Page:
There we go. And with that, we have reached the end of this episode of All About Android. Always so much fun. Mishaal, I wanna throw it over to you first because you posted on Twitter yesterday some news, and I don't want to be the one to announce it, but what, what do you want people to know right now? <Laugh>?

Mishaal Rahman (01:20:46):
Yeah, Jason, unfortunately you know, there's massive layoffs everywhere across the whole tech industry. And at my own company, Esper, I was involved in a layoff. And so I wasn't like, I'm not fully out of a job. I'm like now reduced hours, it's a contractor, but that does mean I'm looking for additional work or potentially a full-time, you know, employment contract somewhere else. So if you're looking for someone who really knows Android, A O S P you know, Android ecosystem, et cetera, like how to navigate all those waters, you know, someone who knows really, really knows, you know, how to work with Android. I'm your guy, you know, contact me at Mishaal Rahman on all the different social media platforms, Twitter, Macedon, Reddit, et cetera. So yeah, please reach out if you have you know, if you're interested in hiring me,

Jason Howell (01:21:36):
All you really have to do is go read Mishaal's expansive work at Esper. Yes, of course. But, you know, for many years at X D A to know, and, and I mean very active, like in places like Twitter and Reddit, like you said, but if you find his posts, I mean, this dude is so damn smart. So I don't think you're gonna, I don't think it's gonna be long for you, but I realize I'm just sorry, I, I hate knowing that people are getting laid off right now, and it sucks to have it, it's so close to home. And I'm just really sorry that that happened, Mishaal. And I really hope that you find something quickly. So I hope that we can give you a little, at least a little bit of of exposure to help that happen faster too. So there you go. Every, every,

Ron Richards (01:22:22):
Appreciate it, every transition is an opportunity.

Jason Howell (01:22:24):
That's a, that's true,

Ron Richards (01:22:25):
Mishaal. And I, I, you know, that's true. You'll, you know confident you'll land somewhere that'll be even better and it'll be good and, and, and get to do even more, right?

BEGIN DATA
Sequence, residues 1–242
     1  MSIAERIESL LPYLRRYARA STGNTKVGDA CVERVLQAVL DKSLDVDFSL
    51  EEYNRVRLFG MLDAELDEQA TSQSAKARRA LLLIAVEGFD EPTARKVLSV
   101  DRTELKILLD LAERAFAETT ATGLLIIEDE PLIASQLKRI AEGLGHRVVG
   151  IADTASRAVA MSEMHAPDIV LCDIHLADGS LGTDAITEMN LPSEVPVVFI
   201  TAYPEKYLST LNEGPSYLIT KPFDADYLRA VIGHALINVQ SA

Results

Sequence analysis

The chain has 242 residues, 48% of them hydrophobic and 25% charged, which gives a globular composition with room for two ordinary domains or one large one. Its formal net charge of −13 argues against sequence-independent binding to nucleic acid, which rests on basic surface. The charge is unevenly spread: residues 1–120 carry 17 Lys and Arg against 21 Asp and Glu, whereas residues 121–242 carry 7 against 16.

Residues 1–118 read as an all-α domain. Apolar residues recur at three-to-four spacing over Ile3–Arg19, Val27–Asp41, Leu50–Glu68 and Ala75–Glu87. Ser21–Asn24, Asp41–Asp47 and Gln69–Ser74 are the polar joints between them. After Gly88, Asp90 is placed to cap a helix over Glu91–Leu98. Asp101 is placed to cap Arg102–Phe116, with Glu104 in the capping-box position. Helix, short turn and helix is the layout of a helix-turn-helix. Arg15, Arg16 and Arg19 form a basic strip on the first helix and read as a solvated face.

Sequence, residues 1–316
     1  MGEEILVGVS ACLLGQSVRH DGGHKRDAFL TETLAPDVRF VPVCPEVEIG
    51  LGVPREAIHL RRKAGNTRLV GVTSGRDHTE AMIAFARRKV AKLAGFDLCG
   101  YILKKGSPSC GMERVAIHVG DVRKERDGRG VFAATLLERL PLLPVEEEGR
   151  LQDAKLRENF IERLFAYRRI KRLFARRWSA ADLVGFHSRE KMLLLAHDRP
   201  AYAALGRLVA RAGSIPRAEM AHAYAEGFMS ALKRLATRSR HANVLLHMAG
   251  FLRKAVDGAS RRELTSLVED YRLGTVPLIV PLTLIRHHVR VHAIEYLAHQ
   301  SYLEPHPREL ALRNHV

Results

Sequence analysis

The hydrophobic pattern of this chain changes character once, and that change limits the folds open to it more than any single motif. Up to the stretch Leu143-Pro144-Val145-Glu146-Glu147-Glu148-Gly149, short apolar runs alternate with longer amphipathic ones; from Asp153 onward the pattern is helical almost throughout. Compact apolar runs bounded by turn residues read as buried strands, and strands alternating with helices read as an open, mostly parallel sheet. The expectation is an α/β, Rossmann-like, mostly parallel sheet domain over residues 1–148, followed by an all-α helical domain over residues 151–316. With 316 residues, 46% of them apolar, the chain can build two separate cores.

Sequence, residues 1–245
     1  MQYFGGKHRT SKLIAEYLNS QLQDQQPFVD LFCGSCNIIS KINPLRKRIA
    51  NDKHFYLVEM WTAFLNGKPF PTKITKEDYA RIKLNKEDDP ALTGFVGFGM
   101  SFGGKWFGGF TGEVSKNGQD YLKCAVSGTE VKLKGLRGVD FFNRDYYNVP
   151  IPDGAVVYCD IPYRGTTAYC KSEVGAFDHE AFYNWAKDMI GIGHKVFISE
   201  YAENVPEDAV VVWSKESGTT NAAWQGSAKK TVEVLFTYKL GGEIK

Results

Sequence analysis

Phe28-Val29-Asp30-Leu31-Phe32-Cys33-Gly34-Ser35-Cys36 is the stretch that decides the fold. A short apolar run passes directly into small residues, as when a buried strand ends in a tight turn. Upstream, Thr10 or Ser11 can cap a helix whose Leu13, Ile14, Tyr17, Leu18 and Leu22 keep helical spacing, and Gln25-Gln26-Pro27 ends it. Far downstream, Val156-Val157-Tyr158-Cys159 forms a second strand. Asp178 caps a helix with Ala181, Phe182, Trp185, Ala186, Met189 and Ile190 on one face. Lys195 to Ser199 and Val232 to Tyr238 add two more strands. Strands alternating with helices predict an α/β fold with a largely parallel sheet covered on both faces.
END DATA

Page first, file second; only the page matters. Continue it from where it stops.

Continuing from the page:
Jason Howell (01:22:32):
So there you go. <Laugh>. There you go. Well, Mishaal, we love having you on this show and offering your, your insight and your knowledge to the show when we can get you on. So thank you for hopping on today and into the future. And yeah, I'll keep, keep us posted, let us know how, how the job search is going. We'll do our very best to help you out. When, what you got going on?

Huyen Tue Dao (01:23:00):
Well, I just wanna say that I'm an android dev. I'm actually a very senior slash staff level engineer. And I think that Mishaal's knowledge content enabled an ability to make connections about what's going on at Android is super valuable for consumers and people like me. I have been linking a lot of Mishaal's content to my former coworkers and current coworkers cuz it's that valuable and that in depth and that insightful. So yes, I just wanna say that put that out there. And yeah, it's like, that's my day job and Mishaal makes my day job easier, especially communicating what's happening Android. So that's what I want people to know. And you can find me if you feel like it on randomly I sometimes talk about Android stuff there, and you can find me on other places at Queen CodeMonkey. If you're on Macedon, I'm currently at Queen Code Monkey at Macedon Social. That might change, but that's where you can find me for now. <Laugh>. and that's it.

Jason Howell (01:23:59):
Cool. Thank you. Win. It's good to see you also. Good to see you. Ron Richards.

Ron Richards (01:24:04):
Thank you so, so much. And you can fi I realized I didn't give Burke my my, my link to for my plug, and I'm sorry I was, I was too busy doing the show, so I'm gonna vamp a little while I pull up a link to send a Burke. But yeah, you can follow me over at Ron XO on, on Twitter and over on Instagram where I'm posting nonsense periodically every now and then. But also wanna give us a quick plug and shout out to Corbit, which is my fun little startup that made a couple friends of mine have around pinball. Go to or look for corbit in the Google Play Store. We released a major update to the mobile app last week, version one dot version 1.3 came out.